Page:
Blog author: jballor
posted by on Friday, October 12, 2012

Panel: “Why Morality-Free Economic Theory Doesn’t Work”

“Why Morality-Free Economic Theory Does Not Work: A Natural Law Perspective in the Wake of the Recent Financial Crisis.” The recent worldwide financial crisis has revealed a serious flaw in current thinking about markets and morals. Contemporary legal theorists and political economists commonly assume that markets can (and even should) provide morally neutral zones for the exchange of goods among free persons, constrained by nothing other than the laws of contract and the imperatives of self-interest. Professor Bruni’s lecture will challenge this dominant assumption, and will offer an alternative, ‘natural law’ perspective on the interrelatedness of markets, morals, and human sociality.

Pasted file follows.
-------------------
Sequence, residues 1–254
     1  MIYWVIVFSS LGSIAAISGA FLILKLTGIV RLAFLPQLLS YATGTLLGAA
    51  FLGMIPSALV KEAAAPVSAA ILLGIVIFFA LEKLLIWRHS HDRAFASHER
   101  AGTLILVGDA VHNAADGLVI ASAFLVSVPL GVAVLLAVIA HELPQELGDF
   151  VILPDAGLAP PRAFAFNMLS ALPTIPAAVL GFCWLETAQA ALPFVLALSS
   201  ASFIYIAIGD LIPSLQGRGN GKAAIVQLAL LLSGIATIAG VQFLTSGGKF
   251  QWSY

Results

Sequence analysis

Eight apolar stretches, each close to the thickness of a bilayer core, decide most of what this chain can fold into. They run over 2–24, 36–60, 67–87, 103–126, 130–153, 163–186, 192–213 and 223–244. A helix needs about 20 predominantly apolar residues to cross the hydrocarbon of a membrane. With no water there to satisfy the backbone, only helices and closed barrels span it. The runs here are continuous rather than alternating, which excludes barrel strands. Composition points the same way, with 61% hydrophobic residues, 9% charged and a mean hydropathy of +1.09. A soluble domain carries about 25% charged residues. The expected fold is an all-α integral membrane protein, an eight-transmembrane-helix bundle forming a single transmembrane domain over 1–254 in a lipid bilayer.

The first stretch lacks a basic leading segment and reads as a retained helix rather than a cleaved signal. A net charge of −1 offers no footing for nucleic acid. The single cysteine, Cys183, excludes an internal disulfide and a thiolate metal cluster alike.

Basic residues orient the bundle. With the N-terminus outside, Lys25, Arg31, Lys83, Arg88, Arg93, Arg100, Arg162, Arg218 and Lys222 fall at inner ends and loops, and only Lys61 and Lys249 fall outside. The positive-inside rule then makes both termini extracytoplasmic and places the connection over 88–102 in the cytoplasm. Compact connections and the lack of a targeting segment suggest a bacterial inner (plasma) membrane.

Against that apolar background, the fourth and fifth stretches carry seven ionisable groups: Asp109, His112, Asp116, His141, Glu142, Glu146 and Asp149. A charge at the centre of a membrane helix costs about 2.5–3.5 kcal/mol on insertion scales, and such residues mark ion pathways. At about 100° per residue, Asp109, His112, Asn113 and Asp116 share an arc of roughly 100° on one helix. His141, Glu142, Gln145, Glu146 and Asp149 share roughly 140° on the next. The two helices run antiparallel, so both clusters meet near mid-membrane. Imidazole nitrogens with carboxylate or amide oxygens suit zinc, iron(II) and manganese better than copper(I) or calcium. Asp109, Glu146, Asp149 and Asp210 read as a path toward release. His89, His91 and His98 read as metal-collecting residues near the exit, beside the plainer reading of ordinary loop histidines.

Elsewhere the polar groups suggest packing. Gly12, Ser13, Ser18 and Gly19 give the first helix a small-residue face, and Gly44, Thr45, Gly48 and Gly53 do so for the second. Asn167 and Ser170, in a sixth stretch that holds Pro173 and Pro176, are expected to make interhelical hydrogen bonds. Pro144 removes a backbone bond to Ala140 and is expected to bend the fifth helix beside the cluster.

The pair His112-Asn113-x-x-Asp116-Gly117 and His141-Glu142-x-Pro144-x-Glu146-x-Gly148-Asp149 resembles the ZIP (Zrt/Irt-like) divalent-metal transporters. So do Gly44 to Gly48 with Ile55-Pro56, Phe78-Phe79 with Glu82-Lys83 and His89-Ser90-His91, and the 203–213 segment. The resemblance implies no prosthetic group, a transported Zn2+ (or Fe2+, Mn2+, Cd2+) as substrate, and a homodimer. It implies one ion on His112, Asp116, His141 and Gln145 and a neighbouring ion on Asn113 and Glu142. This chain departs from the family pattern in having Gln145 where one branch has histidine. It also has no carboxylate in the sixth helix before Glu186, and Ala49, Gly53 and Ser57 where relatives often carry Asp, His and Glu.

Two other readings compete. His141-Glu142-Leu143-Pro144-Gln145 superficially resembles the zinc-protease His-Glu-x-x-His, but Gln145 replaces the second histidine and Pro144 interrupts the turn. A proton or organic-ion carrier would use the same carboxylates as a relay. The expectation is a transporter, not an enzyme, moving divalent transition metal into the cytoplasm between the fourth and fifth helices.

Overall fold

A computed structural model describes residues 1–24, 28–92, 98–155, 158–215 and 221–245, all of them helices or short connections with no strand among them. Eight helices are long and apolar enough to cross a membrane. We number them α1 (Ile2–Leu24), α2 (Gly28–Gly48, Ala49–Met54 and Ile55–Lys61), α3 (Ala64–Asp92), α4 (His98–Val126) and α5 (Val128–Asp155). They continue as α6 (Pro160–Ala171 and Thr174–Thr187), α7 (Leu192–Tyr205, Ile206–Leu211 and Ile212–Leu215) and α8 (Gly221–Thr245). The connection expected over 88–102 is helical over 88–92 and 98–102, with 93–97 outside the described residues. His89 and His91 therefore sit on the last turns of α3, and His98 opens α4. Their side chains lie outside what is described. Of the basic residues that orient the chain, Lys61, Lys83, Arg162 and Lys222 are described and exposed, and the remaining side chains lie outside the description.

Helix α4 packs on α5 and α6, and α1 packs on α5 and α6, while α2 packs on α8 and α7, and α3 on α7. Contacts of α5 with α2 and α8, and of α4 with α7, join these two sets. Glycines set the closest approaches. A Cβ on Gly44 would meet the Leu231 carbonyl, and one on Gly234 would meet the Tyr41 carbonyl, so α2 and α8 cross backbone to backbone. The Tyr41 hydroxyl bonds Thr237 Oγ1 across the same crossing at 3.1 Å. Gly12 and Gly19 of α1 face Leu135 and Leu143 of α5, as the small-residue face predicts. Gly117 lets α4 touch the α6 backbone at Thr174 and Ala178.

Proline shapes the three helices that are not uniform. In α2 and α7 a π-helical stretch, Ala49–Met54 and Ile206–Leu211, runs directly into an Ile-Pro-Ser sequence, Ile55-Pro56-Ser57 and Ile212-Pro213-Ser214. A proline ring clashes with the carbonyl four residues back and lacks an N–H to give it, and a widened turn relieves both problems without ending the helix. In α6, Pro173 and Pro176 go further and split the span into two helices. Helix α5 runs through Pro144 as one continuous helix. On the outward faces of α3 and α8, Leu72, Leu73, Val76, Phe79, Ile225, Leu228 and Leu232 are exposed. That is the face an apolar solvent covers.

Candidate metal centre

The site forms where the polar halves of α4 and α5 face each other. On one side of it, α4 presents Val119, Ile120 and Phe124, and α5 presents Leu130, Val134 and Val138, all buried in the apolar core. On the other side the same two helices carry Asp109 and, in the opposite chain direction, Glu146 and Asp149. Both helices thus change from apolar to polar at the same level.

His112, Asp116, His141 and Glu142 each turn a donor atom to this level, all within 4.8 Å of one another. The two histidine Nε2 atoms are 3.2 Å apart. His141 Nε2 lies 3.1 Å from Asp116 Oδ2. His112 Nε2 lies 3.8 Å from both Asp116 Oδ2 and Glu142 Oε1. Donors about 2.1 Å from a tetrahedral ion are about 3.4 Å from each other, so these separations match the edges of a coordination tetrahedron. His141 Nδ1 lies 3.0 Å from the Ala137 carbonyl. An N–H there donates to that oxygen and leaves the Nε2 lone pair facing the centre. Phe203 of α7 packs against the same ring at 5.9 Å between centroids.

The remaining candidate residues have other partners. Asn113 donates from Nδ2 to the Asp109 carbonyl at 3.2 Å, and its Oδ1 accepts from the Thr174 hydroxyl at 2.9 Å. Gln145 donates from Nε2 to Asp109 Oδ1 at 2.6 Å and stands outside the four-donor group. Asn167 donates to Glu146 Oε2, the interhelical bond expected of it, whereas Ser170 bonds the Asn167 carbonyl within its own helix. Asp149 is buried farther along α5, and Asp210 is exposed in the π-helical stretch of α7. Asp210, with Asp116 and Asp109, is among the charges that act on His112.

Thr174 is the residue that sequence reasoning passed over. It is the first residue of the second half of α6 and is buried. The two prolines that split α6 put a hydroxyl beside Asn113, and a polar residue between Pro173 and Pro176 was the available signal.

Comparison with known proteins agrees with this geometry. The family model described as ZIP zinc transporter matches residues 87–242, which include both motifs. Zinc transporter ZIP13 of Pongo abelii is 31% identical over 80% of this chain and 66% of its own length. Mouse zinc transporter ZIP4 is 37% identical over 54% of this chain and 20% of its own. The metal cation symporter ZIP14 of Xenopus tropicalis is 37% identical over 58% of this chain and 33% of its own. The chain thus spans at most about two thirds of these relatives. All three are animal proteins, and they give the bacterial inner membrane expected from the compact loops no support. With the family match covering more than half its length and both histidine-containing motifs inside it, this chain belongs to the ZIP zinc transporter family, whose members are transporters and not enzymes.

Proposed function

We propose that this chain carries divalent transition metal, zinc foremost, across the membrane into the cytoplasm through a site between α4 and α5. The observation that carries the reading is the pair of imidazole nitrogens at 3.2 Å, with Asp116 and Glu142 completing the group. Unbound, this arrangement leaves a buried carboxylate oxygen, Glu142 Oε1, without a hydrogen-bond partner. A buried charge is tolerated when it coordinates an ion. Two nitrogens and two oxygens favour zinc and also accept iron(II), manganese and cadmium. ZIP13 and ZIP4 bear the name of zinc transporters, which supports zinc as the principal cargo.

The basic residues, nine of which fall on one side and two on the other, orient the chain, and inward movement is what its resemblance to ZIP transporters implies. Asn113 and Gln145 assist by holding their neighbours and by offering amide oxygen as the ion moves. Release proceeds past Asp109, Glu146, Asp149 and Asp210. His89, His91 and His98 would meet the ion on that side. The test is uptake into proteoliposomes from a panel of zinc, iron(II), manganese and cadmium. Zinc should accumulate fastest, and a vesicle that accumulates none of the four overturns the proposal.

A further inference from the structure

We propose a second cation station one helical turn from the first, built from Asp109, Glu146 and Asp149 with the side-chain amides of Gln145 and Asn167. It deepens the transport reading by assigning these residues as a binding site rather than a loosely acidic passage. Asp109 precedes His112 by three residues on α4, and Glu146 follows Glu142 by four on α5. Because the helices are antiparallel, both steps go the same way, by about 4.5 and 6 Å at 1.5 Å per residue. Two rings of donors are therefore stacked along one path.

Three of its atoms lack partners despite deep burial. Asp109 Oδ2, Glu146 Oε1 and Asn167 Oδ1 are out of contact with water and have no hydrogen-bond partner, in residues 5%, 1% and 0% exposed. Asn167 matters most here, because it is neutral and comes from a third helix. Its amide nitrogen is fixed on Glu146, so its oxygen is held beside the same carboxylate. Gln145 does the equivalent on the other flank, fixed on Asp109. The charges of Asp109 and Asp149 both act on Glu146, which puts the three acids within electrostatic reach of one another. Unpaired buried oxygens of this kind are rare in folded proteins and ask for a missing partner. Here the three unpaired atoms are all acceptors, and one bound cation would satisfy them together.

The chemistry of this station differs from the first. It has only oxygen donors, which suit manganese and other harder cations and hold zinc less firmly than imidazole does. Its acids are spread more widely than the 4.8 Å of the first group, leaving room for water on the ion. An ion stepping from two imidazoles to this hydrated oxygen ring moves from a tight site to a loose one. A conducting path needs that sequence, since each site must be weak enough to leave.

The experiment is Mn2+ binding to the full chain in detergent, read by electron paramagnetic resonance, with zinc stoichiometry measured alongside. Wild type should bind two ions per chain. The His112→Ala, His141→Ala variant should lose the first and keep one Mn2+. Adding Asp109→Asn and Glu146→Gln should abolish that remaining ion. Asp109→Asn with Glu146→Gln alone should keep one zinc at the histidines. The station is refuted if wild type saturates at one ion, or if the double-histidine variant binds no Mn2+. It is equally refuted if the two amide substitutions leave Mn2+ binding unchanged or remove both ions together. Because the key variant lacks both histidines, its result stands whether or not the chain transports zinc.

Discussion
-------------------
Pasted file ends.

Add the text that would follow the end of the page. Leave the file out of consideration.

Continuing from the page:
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Ahead of tonight’s vice-presidential debate between Joe Biden and Paul Ryan, Hunter Baker (a Baptist political scholar) and I (a Reformed moral theologian), offer up some thoughts as “Protestants in Praise of Catholic Social Teaching” in a special edition of Acton Commentary.

We write,

Commentators are already busy parsing the partisan divide between the co-religionists Biden and Ryan, but having Roman Catholics represented in such prominent positions in this campaign and particularly in tonight’s debate is also likely to catapult another player into the national political consciousness: Catholic Social Teaching (CST).

For people of faith, and even for people of no particular faith whatsoever, CST represents a praiseworthy model for responsible civil engagement in a diverse and plural culture.